The closure of the US Government it weighs on the markets and continues without agreement in sight

The closure of the US Government it weighs on the markets and continues without agreement in sight



The partial closure of the United States Government reached its fourth consecutive day today after having caused sharp declines in the markets and without an agreement in sight on the funds that President Donald Trump is claiming for his wall with Mexico.

The US Senate, which in this case leads the budget, will meet tomorrow at 4:00 pm (2100 GMT) to try to reopen the Administration, but neither the White House nor the Democratic opposition are willing to cede, so the blockade could continue until January 2019.

"I can not tell you when the government is going to reopen," Trump acknowledged today in statements to the press at the White House.

"No (reopens) until we have a wall, a fence, whatever you want to call it, I'll call it whatever they want, but it's all the same thing, it's a barrier against people coming to our country, it's a barrier against drugs. There is a problem called trafficking in people, we are not going to let that happen, "he said.

Trump again insisted that Congress should include $ 5 billion in the budget for the wall; But the Democrats continue to refuse to give in and, for the moment, they are only willing to allocate 1,300 million to border security, although with restrictions that prevent the construction of the barrier.

In addition, the president said that in January he will visit some sections of the border fence that separates the US. and Mexico and that were built before he came to power.

In a statement, the leader of the Democratic minority in the Senate, Chuck Schumer, and the leader in the House of Representatives, Nancy Pelosi, affirmed on Monday that the agreement is difficult because the White House does not have a unified position and, each official , offers a different vision of what Trump might come to accept.

Also, the Democrats have accused the president of being "plunging the country into chaos" due to his attacks on the Federal Reserve (Fed), the recent resignation of General James Mattis as secretary of Defense and the closure of the Administration, which began at midnight from Friday to Saturday.

The New York parquet does not operate today because it is Christmas; But the Tokyo and Shanghai exchanges suffered the impact of the collapse of all Wall Street indicators on Monday.

The Dow Jones Industrials, the main indicator of Wall Street fell more than 650 points on Monday; while the S & P 500, the index that groups the largest companies listed in the US, fell for the fourth consecutive session, the worst Christmas Eve in history.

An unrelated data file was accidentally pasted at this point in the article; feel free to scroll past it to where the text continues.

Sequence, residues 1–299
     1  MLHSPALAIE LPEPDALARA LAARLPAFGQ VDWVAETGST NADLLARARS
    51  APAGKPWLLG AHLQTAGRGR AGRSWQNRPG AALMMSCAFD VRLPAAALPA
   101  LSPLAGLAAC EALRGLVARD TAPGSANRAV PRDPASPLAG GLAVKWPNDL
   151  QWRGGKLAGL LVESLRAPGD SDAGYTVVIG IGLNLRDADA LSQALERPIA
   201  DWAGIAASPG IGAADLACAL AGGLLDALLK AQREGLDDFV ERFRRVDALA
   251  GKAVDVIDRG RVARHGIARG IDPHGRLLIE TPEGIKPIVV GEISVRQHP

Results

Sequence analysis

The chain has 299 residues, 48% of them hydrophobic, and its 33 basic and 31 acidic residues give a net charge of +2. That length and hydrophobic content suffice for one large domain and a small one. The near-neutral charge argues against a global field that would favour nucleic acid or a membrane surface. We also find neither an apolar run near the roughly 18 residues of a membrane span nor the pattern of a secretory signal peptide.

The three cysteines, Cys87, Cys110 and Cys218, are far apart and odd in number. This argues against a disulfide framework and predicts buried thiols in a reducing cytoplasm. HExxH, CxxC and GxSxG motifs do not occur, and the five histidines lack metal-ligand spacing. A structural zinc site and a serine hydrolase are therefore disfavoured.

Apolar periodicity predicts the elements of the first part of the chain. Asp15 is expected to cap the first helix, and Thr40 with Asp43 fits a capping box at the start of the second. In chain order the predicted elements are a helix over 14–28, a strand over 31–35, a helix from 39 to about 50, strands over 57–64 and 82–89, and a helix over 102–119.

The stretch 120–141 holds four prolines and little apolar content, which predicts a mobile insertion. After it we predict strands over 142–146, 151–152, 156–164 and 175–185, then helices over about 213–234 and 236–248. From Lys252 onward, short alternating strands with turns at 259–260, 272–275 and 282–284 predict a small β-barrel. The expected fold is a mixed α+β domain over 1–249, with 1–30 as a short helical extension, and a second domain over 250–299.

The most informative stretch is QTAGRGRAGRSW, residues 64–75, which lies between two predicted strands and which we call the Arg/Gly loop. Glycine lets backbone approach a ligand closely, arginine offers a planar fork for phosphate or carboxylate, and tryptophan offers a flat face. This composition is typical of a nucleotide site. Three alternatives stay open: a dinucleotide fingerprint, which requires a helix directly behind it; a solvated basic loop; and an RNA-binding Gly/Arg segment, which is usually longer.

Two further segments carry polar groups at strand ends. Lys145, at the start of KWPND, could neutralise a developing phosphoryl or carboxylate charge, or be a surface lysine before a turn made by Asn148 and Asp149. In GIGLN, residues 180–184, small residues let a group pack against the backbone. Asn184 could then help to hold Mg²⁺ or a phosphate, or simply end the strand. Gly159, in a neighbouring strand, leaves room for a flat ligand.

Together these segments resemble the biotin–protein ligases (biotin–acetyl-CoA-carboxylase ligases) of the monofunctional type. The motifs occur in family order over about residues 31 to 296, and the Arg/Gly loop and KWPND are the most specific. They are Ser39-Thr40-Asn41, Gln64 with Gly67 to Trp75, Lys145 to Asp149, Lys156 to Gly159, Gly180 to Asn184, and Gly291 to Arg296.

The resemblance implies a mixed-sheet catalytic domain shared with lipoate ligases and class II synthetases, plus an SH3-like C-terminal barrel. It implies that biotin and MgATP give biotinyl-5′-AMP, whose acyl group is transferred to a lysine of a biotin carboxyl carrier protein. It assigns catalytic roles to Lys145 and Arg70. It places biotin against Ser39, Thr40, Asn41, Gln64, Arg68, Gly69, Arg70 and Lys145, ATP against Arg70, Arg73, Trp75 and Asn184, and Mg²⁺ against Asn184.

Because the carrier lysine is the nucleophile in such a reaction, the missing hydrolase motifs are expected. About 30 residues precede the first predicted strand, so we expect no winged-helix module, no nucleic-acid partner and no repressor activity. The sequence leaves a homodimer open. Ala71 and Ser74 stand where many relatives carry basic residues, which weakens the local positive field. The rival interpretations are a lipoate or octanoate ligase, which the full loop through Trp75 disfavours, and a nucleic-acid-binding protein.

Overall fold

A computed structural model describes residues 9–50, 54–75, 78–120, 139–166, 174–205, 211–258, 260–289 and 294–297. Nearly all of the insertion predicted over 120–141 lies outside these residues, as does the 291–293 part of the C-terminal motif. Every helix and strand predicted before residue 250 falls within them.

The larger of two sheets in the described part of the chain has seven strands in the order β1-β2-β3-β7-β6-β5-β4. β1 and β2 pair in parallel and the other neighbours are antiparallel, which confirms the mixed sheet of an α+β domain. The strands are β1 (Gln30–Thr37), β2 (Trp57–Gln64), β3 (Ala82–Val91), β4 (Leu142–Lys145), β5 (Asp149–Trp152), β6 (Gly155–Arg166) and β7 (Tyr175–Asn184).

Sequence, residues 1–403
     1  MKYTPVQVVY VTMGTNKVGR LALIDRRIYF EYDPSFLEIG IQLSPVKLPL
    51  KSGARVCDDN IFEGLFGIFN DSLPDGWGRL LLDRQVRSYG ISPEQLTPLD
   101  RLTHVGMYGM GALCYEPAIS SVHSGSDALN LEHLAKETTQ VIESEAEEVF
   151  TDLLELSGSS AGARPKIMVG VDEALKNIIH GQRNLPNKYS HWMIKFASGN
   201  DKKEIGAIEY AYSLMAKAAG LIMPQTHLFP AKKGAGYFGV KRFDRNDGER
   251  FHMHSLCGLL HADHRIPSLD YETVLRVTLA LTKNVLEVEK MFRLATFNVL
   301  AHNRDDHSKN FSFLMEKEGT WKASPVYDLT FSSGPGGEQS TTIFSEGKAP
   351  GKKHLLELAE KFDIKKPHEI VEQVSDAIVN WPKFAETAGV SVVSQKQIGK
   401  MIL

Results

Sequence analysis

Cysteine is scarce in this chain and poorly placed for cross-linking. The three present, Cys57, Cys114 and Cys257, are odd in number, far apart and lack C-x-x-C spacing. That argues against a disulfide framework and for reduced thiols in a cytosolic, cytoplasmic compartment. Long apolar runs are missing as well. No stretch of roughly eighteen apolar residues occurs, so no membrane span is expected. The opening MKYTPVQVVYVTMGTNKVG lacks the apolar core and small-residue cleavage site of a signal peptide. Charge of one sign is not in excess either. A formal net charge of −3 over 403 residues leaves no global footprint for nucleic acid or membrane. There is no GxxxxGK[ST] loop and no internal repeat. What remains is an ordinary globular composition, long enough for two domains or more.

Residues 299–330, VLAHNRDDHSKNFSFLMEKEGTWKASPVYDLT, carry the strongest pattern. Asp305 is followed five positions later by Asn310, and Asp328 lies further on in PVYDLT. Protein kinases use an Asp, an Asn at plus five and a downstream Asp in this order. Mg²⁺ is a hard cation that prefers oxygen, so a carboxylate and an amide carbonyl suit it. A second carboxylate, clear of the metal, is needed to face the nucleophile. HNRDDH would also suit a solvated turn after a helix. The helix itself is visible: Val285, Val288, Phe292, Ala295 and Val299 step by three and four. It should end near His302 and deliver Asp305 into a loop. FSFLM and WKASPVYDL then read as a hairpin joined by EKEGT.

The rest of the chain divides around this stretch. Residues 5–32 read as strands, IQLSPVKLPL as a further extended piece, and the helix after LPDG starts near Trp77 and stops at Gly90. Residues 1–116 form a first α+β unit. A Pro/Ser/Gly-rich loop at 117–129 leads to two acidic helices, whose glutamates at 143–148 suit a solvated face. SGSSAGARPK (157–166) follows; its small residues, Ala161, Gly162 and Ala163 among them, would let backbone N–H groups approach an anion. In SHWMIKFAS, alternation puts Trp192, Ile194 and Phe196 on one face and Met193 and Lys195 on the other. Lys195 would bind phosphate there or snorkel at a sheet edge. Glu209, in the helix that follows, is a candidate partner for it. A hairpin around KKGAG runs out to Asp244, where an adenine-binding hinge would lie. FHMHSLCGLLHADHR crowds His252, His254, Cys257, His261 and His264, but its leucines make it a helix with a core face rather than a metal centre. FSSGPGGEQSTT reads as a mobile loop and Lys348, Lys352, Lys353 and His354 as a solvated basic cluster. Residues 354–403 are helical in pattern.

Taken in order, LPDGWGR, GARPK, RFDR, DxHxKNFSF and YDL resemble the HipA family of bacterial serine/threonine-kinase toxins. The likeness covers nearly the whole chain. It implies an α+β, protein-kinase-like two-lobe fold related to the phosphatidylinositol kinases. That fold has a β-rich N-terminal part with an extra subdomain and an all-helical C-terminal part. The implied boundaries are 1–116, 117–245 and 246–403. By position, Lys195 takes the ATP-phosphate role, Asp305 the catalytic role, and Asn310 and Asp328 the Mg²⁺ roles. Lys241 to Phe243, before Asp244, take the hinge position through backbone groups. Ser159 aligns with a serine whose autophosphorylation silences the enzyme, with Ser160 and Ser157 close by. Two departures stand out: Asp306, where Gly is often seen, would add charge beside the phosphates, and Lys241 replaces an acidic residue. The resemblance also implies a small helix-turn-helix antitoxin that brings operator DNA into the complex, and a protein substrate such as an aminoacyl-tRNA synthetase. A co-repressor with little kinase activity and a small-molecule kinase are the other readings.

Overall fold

According to analysts, the stock markets reacted badly to the conversations held this weekend by Treasury Secretary Steven Mnuchin with the directors of the six main banks in the country, including Bank of America, Citigroup and JPMorgan Chase.

According to a Treasury statement, all managers agreed that they have "ample liquidity available to make loans to consumers, financial markets, and other market operations."

That information, according to economic expert Neil Irwin, "caused more damage than he intended to prevent" because, suddenly, investors began to wonder if they should worry about the liquidity of the banks, something they had not questioned until then.

The owner of the Treasury sought to reassure the markets, but got the opposite effect.

Nor did it help that, in the middle of the trading day, Trump lashed out against the Fed, which he considered the "only problem" of the US economy.

The president believes that the gradual monetary adjustment advocated by the Fed threatens the acceleration of the US economy and has not hesitated to criticize the agency, breaking with the traditional respect that the White House has expressed for the independence of the central bank.

In fact, Trump again insisted today that the Fed "is raising interest rates too fast."

According to local media, Trump is angry about the interest rate hike decreed by the Fed last week and has come to value the possibility of dismissing the president of the institution, Jerome Powell; although Mnuchin assured this weekend that Powell will continue in his position.

Despite the stock market crashes, the US economy lives a good time with an unemployment rate of 3.7%, at lows of almost half a century, and inflation close to the annual goal of 2%.

Beatriz Pascual Macías

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